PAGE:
Page 1 of 1
PINE NEEDLES AS MULCH
Posted: Fri Mar 31, 2006 12:01 pm
We find that pine needles make a great mulch for flower or strawberry beds. Also the needles contain terpene that, we have learned from the web, has a retardant effect on germination. Thus, it is ultra helpful at discouraging weeds.
But....... We want to change our present strawberry bed to a vegetable bed. Planting out will be no problem but we are concerned about sowing seed directly into the plot.
Does the terpene eventually break down and if so how long does it take?
Any advice would be greatly appreciated.
Posted: Fri Mar 31, 2006 6:46 pm
Terpenes are organic compounds that make up what are termed "Essential Oils" of plants. Anyway, essential oils have nothing to do with any essential function of a plant but, are related to the smells associated with plants.
Anyway, the basic unit of a terpene is called 2-methyl-1,3-butadiene and sort of looks like a capital Y. Terpenes are just chains of this chemical. Based on what terpenes are in the pine needles, they can take longer periods of time to break down. For instance, if they are cyclic terpenes rather than open chain terpenes, the decomposition could take a little longer.
Chemical analysis aside; (is everyone bored yet?) just add some manure and/or grass clippings and the Ammonia (R-NH3) and Nitrates (R-NO3) will aid in the decomposition of the Terpenes in the pine needles. They should break down in a couple of months.
Posted: Fri Mar 31, 2006 7:41 pm
Once you have done what Opa has suggested, you should probably test the ph of your soil, as pine needles can make your soil very acidic as well. You may need to add a little lime to neutralize it a bit.
Posted: Sat Apr 01, 2006 12:55 am
I have done a little research on terpenes in pine needles and I'll give you a list of the effects of terpenes on soil:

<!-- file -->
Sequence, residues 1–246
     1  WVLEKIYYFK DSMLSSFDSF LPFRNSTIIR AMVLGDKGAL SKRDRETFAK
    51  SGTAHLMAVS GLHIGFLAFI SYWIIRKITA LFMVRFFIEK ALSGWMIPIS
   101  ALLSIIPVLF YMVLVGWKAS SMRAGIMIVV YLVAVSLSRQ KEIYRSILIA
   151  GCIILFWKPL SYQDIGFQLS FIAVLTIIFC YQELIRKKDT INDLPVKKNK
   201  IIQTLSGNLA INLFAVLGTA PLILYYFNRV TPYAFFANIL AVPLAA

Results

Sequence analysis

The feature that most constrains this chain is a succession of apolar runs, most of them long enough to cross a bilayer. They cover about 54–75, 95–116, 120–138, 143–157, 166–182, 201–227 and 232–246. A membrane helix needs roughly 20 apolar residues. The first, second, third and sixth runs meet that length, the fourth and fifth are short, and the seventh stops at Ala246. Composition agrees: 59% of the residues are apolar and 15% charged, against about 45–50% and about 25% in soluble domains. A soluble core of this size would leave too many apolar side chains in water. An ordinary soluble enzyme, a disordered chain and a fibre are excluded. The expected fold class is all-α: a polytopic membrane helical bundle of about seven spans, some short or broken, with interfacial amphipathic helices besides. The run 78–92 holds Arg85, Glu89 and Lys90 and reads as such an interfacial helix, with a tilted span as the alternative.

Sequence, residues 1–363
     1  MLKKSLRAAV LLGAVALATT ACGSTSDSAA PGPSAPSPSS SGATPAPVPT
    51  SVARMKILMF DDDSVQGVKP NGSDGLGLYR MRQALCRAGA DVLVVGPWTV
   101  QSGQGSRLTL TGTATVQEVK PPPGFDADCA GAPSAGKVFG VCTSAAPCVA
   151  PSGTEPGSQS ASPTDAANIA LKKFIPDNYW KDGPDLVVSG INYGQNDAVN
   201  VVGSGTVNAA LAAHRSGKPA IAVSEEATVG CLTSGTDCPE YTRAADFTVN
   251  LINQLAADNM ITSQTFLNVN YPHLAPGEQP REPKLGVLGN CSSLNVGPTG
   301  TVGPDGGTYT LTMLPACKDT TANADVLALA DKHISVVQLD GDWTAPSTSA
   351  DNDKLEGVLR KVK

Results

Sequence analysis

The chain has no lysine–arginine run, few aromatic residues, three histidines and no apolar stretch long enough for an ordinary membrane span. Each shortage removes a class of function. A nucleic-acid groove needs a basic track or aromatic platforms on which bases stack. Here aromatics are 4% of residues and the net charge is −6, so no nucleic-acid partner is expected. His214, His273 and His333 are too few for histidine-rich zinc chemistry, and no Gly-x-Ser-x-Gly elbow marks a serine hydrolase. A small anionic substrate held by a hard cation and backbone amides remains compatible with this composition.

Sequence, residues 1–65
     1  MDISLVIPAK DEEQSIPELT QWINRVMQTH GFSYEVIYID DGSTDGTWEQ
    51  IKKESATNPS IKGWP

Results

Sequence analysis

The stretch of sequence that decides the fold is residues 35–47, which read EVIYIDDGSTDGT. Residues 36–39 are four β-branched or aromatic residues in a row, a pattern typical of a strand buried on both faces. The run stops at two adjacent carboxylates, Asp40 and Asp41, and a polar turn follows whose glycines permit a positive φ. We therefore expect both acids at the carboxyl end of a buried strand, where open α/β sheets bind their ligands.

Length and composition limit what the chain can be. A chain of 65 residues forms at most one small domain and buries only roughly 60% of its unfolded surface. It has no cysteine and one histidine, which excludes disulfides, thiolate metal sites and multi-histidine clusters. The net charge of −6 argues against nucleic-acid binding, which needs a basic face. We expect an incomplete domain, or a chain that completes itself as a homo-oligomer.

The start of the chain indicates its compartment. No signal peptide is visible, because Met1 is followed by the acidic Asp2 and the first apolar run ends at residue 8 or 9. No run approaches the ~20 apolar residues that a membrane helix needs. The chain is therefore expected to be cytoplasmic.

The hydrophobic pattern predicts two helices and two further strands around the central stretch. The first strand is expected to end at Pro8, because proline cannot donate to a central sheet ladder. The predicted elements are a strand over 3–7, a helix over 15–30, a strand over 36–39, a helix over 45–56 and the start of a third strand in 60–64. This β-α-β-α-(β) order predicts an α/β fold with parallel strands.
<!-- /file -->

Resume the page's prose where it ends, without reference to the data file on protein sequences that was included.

-Monoterpenes might alter rates of nutrient cycling inhibiting nitrification in the forest soil
-In general, decomposition of secondary compounds in leaf litter is rather a slow process compared to primary metabolites (terpenes are secondary metabolites)
-Monoterpenes can be present in nearly equal concentrations in recently fallen leaf litter comapred to green needles (this quote is in conjunction with some data that eluded to the fact that resin acids and phenolic compounds retard degredation of carbon compounds more than terpenes and terpenoids)
-Monoterpenes are slightly volatile compounds and will most likely exit leaf litter via volatisation of by leaching
Furthermore, any deterrence to decomposition from monoterpenes would be short lived (say a little over a year) due to the fact that after 12 months in a Scotts Pine forest most terpenes were absent from the soil
Anyway, I have more information on monoterpenes and their effects on decomposition but, a little note on resin acids (found in pine needles):
Resin Acids have an important role in inhibiting the growth of wood rotting fungi because of their toxic effects and resin impregnation may act as nontoixc waterproofing layer that prevents fungal penetration and growth.
Anyway, these effects of Resin acids could play a role in the germination of seeds as well.
Posted: Sat Apr 01, 2006 2:50 am
Found another article that talks about the effects of monoterpenes on the germination of plant seeds. According to the article monoterpens are toxic to vascular plants.
Furthermore, 18 volatile monoterpenes are said to be inhibitory to the germination and growth of 9 plant species. The article focuses on the inhibitory effect on the germination of corn seeds.
Anyway, here is another Journal Article on the topic:
ASPLUND, R. O. 1968. Monoterpenes: Relationship between structure and inhibition of germination. Phytochemistry 7:1995-1997.
Phytochemistry is just the name of the Journal. You will most likely have to go to your local college or university to find it.
Hope I haven't gone to over your head.
Posted: Sun Apr 02, 2006 11:23 pm
So pine poisoning IS a possibility, at least for seedlings?
Interesting Opa. I muched a bed with pine needles last year; the perennials all have returned this year, but I have NO weed seed issues at all. What 9 plants are susceptible?
Inhibiting wood fungus seems to suggest mycorhizal activity might be injured as well; any evidence there Opa? Interesting stuff indeed, and I would say Cyril's question is well answered...
Posted: Mon Apr 03, 2006 3:17 am
Oooooh, I knew that someone would ask that question. I'll have to dig the first article up again. If I remember correctly, the researchers didn't actually say what the plants were but, they were in another article in the References. Anyway, give me a little time and I'll dig them up for you.